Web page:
By Christian Zibreg on Jan 20, 2015
Google on Tuesday issued a much appreciated refresh to its Chrome mobile browser for the iPhone and iPad. Chrome version 40 brings out a reworked appearance built around Material Design, Google’s guidelines for the look and feel of software across mobile, desktop and the web.
Material Design in Chrome brings “bold graphics, fluid motion and tactile surfaces,” as per release notes accompanying the 58-megabyte download.
In addition to Material Design, the new Chrome also supports Handoff, an iOS 8 and OS X Yosemite feature allowing you to start browsing on your iPhone or iPad and pick up on your Mac’s default browser right where you left off. Read More
By Jake Smith on Dec 29, 2014
Microsoft is tired of the old-nature feel of Internet Explorer, and is building a new browser for Windows 10 that will look and feel more like Chrome and Firefox, according to ZDNet. Read More
By Jake Smith on Dec 2, 2014
Mozilla has long stayed away from bringing its Firefox web browser to iOS, however it’s looking to change its plans to “be where our users are”.
The company’s release manager, Lukas Bakk, took to Twitter on Tuesday announcing the company will develop Firefox for iOS. He didn’t provide word on when it may be released, or if it’s even in development yet, but it’s definitely comforting words for the Firefox fans out there – which includes our own Sebastien Page. Read More
By Christian Zibreg on Nov 21, 2014
Following Wednesday’s release of a stable version of the 64-bit edition of Google Chrome for Mac, the Internet giant issued a new version of Chrome Beta for Mac, Windows and Linux that includes an all-new Bookmark Manager feature that previously leaked via screenshots (it was called Stars).
With Bookmark Manager, it will be a lot easier for Chrome fans to manage their saved bookmarks, delete unwanted ones, file them under folders and more.
And when creating a new bookmark, Chrome will let you select an image and add a note or snippet so you can find it more quickly later. “Google will also suggest a folder if it seems like it could be a fit,” the team said in a blog post. Read More
By Christian Zibreg on Nov 19, 2014
After releasing 64-bit Chrome for Windows and a beta version of Chrome for Mac with 64-bit support back in August, Google today announced that the app is out of beta and available to everyone.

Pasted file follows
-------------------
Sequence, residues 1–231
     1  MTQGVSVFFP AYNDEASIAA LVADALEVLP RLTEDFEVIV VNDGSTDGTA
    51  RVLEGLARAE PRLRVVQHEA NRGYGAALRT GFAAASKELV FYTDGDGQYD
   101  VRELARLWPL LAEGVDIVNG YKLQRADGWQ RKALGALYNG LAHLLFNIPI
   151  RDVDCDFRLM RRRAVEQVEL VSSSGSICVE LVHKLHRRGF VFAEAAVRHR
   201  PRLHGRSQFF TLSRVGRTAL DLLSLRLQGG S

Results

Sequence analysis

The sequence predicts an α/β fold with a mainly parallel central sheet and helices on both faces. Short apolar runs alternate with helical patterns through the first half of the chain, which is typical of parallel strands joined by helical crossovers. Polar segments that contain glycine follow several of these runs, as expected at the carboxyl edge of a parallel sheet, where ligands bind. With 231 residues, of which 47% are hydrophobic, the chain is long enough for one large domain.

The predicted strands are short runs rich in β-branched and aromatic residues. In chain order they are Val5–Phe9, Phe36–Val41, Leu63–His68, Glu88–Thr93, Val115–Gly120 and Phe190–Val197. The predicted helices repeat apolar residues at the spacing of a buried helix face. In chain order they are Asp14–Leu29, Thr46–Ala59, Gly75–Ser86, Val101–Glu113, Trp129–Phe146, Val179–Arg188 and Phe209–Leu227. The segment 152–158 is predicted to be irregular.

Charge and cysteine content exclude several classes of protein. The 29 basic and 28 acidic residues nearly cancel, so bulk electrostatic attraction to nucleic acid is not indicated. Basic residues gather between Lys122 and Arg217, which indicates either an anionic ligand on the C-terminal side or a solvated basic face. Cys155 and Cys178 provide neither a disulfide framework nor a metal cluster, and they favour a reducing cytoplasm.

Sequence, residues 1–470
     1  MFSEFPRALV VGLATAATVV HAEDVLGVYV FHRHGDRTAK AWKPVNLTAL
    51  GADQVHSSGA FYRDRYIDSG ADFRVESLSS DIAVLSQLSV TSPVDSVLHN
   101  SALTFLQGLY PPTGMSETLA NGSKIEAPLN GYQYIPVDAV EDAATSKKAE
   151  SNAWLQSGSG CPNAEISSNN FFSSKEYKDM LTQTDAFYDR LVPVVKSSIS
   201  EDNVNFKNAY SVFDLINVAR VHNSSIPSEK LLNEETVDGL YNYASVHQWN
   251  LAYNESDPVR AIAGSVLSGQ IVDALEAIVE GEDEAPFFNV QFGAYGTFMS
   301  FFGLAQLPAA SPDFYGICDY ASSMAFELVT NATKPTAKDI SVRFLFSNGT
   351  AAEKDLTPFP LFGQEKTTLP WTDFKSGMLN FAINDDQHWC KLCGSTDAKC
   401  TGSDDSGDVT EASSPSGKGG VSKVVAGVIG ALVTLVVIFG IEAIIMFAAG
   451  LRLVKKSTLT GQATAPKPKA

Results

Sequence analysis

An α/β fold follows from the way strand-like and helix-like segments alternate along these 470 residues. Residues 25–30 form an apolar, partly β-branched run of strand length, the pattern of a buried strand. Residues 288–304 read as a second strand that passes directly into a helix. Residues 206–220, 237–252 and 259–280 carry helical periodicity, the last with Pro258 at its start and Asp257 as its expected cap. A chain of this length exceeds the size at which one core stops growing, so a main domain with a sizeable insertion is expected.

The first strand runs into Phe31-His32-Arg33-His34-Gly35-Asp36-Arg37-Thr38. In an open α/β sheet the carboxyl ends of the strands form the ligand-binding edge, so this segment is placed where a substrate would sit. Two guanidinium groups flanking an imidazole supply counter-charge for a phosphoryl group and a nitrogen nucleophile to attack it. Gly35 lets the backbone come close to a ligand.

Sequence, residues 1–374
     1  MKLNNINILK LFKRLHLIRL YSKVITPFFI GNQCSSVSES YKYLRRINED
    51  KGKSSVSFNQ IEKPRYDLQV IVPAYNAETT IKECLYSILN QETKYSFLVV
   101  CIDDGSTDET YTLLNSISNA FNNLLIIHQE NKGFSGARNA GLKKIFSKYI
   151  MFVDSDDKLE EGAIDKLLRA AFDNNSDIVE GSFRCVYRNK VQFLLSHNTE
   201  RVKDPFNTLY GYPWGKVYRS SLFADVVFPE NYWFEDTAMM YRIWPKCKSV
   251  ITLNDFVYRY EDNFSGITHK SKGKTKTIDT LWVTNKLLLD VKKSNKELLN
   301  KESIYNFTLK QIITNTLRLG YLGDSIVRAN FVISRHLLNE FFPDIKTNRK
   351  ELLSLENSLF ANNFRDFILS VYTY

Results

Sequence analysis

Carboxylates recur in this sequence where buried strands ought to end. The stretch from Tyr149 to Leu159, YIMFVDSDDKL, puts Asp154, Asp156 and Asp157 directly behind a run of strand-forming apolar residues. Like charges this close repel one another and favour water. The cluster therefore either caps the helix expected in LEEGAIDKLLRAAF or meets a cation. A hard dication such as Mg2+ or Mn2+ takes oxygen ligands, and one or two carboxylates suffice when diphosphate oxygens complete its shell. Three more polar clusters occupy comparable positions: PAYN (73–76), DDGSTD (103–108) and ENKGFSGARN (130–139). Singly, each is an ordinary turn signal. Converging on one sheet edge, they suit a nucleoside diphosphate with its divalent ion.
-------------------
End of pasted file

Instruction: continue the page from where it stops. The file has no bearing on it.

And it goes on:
Public release of the 64-bit Chrome for Mac edition marks the end of the road for 32-bit NPAPI (Netscape Plug-in APIs) plugins as the Internet company now requires developers to provide their extensions with 64-bit support.
Most users shouldn’t be affected, however, because the vast majority of plugins and extensions are readily available in both 32-bit and 64-bit form. Chrome 39.0.2171.65 (Google, we need to talk about version numbers!) also includes more than three dozen under the hood changes for stability and performance and comes with a set of new APIs allowing extension developers to take advantage of new features. Read More
By Christian Zibreg on Oct 7, 2014
The Internet giant Google on Tuesday issued a small update to its Chrome for iOS browser, adding better support for the “Retina HD” iPhone 6 and iPhone 6 Plus screens.
The free download also enables another interesting feature — the ability to download and open files directly in the Google Drive application, if installed on your device. Finally, this release includes customary bug fixes and stability improvements.
Google Chrome is available free in the App Store. Read More
By Christian Zibreg on Sep 22, 2014
The Internet giant Google on Monday issued a minor update to its Chrome browser for the iPhone and iPad adding support for the new third-party App Extensions in iOS 8 using the multi-purpose Share sheet.
This allows you to download apps which advertise their own extensions and actions to the system, making them available in any app that makes use of the standard Share menu, Chrome included.
This edition of Google’s web browser also includes iOS 8 compatibility as well as stability improvements and bug fixes. Read More
By Christian Zibreg on May 9, 2014
Fans of Google Chrome who run the browser’s Canary edition can now associate local files with Chrome apps, right in their Mac’s Finder. What this does is it lets you open local documents using Chrome apps that run in the browser. This is quite handy if you’ve long gone Google and depend on various web apps. Chrome’s Canary build is aimed at early adopters who are willing to experiment with upcoming new features. But don’t worry, Canary won’t mess up your existing Chrome settings… Read More
By Cody Lee on Apr 30, 2014
Google rolled out an update for its mobile Chrome browser today, bringing the app to version 34.0.1847.18 (c’mon Google). The update includes a new ‘feature tour,’ which offers new users an overview of the browser, and other minor enhancements.
Among those enhancements is a tweak to Chrome’s omnibox. Autocomplete in the omnibox now supports right-to-left languages, which should appease some international users. There’s also the standard cluster of security, stability, and bug fixes… Read More
By Christian Zibreg on Mar 24, 2014
Rich desktop notifications have been available in Google’s Chrome browser for the Mac for some time now, provided you were on the Canary channel where Google hosts early and unstable alpha releases of its browser. The normals, however, had to wait until desktop notifications for the Now cards made their way into the stable Chrome channel.
According to Google itself, that day is today – people on stable Chrome releases should start seeing Google Now alerts being pushed to their Macs and PCs. The handy alerts are nested right inside the browser’s notification center that sits in your Mac’s status bar (bottom-right if you’re using Windows)… Read More
By Cody Lee on Mar 15, 2014